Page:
Other contributors: Md. Aminul Islam and Mohammad Kamrul Islam Bhuiyan3 Comments » | Add your comment
ICIMOD held an international workshop on water, livelihood and gender nexus recently in Kathmandu. We were also invited to share our experience. The following is the full script of the presentation I made on the impact of low cost irrigation technologies (micro irrigation technologies) on livelihood and women empowerment.
The impact of irrigation on livelihoods is obvious. However, the impact of conventional irrigation schemes on the livelihoods of poor and marginalised households is not that obvious. Marginalised households often live at the edges of the settlements, mostly in small numbers, making it difficult for the conventional schemes to reach them.
This Google map shows a typical village in western Nepal. The main settlement constitutes about 60 houses. Five houses are below the main settlement, at about 20 minutes’ walking distance. These houses belong to the poor, most likely to Dalits. Conventional irrigation would target the main settlement as there is often pressure to reach the larger population as better value for money.
Extending the reach of the irrigation scheme to marginalized households is costly. The per unit cost would be very high and economically unjustifiable. Even if economic viability is discounted and the budget is not a constraint, the water is less likely to reach them, because there is not enough water, even for the main settlement. Hence, some households will be left out.
There are thousands of similar villages across the country. You won’t find any village, even in the remotest part of the country, where there is no irrigation scheme of some sort; however, you will find such left out households in almost every village. Hence, large numbers of marginalised households are deprived of irrigation facilities. We promote the low cost irrigation technologies to cater the irrigation needs of such marginalised households.
The following are some of the low cost irrigation technologies we have been promoting:
So, how do the micro irrigation technologies improve the access of poor and marginalised households to irrigation?
- Low cost irrigation technologies fill the void left out by conventional schemes.
- They increase water efficiency. Our mountains and hills are dry. Limited resources we have are also shrinking gradually. Hence, it is very important that we use our water resources wisely and efficiently. These low cost technologies help achieve this.
- Studies and our own experience have shown that low cost technologies are more sustainable. They have small and homogenous users. Hence, all the users have equal say in decision making and the distribution of water is more or less equitable. This ensures more ownership towards the technologies which help to improve their sustainability.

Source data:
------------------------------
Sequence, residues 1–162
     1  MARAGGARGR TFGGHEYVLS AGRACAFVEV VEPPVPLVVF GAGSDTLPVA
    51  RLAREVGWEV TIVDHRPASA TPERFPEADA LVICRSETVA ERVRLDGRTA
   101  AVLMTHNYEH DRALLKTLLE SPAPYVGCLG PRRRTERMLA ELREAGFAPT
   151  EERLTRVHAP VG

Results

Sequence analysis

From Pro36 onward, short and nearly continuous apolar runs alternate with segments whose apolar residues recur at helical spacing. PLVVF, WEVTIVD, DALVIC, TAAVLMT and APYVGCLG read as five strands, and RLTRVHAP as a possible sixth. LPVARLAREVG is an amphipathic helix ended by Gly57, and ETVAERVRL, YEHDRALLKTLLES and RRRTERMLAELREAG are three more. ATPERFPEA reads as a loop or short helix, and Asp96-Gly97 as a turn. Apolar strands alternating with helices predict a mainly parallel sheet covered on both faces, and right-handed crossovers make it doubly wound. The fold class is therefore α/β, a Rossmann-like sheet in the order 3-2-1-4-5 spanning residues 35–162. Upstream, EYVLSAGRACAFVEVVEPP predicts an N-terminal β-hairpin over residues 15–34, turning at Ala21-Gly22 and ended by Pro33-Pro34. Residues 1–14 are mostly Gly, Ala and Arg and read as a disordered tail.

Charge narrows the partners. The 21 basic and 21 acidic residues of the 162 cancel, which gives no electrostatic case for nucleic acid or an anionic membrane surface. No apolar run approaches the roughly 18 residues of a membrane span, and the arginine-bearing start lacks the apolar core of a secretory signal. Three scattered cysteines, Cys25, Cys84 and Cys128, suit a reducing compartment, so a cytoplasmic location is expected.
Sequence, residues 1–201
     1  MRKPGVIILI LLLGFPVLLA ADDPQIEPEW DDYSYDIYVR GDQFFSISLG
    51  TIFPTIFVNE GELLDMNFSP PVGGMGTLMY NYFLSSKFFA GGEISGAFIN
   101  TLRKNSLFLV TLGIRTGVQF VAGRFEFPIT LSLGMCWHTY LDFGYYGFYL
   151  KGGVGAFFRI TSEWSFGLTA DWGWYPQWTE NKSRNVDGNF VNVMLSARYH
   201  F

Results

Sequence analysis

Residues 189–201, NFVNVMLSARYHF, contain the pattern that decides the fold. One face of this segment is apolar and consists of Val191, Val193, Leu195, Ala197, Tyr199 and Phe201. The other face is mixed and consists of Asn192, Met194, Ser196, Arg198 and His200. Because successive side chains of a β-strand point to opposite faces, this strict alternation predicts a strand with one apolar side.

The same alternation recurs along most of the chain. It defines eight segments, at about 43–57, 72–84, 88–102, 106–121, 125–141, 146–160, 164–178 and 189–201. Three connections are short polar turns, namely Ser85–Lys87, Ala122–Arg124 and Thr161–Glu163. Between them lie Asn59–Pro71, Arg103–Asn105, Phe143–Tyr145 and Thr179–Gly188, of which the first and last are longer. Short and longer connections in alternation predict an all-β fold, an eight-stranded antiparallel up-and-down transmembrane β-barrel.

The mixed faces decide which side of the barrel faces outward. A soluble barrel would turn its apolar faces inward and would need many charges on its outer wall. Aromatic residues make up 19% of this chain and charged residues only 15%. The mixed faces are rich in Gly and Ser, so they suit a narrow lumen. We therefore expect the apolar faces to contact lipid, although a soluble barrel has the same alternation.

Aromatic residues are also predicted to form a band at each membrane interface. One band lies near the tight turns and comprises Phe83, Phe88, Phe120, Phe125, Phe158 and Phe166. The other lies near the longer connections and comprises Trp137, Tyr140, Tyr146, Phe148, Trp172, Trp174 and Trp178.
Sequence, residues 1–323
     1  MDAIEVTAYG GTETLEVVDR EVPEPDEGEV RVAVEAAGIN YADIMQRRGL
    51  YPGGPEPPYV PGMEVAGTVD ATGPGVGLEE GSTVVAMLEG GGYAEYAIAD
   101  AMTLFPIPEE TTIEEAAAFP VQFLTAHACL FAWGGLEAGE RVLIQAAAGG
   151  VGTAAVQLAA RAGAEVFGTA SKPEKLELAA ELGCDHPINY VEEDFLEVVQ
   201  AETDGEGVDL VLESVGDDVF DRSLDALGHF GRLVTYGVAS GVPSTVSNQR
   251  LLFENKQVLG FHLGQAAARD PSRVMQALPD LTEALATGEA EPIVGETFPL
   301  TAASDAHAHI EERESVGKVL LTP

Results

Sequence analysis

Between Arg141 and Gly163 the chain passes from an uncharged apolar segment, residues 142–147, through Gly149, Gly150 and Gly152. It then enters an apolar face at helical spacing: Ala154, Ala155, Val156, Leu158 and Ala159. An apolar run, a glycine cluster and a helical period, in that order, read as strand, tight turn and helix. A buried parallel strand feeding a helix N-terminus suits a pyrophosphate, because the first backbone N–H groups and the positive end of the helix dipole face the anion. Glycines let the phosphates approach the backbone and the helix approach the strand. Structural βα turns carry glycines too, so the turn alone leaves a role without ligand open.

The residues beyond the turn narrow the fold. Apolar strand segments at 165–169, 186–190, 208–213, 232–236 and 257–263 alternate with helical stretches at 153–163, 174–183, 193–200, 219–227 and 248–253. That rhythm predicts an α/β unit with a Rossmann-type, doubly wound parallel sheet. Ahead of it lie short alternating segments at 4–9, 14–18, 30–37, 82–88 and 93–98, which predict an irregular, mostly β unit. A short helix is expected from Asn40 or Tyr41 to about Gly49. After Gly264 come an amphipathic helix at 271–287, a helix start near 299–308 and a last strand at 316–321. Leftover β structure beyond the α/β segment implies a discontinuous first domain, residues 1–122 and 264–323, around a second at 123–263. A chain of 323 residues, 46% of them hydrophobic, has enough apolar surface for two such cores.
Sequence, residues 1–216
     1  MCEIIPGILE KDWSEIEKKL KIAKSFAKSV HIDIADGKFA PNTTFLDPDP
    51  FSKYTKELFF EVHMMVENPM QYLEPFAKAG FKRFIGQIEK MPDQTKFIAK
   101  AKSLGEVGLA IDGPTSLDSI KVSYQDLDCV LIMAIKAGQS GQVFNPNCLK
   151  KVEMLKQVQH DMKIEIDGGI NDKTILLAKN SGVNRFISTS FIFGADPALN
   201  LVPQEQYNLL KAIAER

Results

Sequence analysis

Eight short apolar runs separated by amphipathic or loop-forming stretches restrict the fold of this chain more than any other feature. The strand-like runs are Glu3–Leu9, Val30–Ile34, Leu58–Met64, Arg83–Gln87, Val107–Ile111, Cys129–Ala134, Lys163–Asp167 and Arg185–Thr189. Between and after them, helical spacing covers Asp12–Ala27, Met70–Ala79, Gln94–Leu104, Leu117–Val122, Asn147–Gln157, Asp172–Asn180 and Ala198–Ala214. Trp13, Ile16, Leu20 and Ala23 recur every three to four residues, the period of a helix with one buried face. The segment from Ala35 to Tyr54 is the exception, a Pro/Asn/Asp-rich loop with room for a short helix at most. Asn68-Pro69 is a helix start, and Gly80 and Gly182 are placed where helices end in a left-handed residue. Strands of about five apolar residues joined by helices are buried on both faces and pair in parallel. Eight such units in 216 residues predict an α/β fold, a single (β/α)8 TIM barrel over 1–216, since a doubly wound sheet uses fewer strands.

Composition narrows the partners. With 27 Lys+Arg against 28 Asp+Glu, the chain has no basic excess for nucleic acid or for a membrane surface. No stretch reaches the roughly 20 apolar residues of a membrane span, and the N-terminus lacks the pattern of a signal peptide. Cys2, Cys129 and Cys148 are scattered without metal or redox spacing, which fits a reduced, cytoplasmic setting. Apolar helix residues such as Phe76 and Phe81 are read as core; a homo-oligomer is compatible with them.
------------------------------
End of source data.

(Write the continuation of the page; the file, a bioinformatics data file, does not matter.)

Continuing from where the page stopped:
- Low cost technologies are affordable and simple to operate and maintain. This improves access of marginalized households to the technology.
- Low cost irrigation technologies also help in women empowerment.
This is Tula Devi Saud from Bajura. She literally had to beg to her husband to let her to grow vegetables on some of their land. In the rural areas, women rarely own land. Hence, they have little say in deciding how to use the land. After much pleading, however, her husband agreed to let her cultivate vegetable in 0.5 Ropani (1 Ropani = 508.72 sq. m) of their land. But, there was no irrigation facility in their village.
She had to fetch water from a well about 20 minutes walking distance from the village. It would cost her 2-3 hours daily. Hence, she would produce only about 50-60 Kg of vegetable in a season which would earn her merely about five thousand rupees in a year. Thus, she was solely dependent on her husband for all kind of expenses.
Two year ago, they constructed an irrigation pond in the village. She actively participated in the construction. Now, she grows vegetables on 2.5 ropani of land. It takes her only about an hour to irrigate her plots. Now she sells 1200 kgs of vegetables a year. Last year, she made Rs 45000 from selling vegetable. Now, she supports her husband financially. In fact, she gets her husband to porter the vegetable to the market whenever he needs pocket money. This story pretty much explains the significance of micro-irrigation to women’s empowerment.
We can summarize as follows:
- While the conventional irrigation schemes are more concerned with cereal crops, the low cost technologies are often used for cash crops, mainly vegetable farming. Often, vegetable farming is the only prospect for rural women, who are mostly illiterate, to earn money. So, the low cost irrigation technologies help.
- Rural households have multiple water needs. And women are responsible for meeting the needs. Statistics tells us that 80% of the water needed in rural Nepal are met by women. The micro-irrigation technologies help to meet the multiple water needs. For example, water in the jar or the irrigation pond can be used for irrigation, for cattle and maintaining household sanitation.
- The low cost irrigation technologies bring the water closer to the house, which reduce their drudgery and save time and energy. It also allows them to attend other household chores alongside irrigating their plot.
- Finally, the technologies are affordable and simple to operate. Hence, women can own and operate them on their own.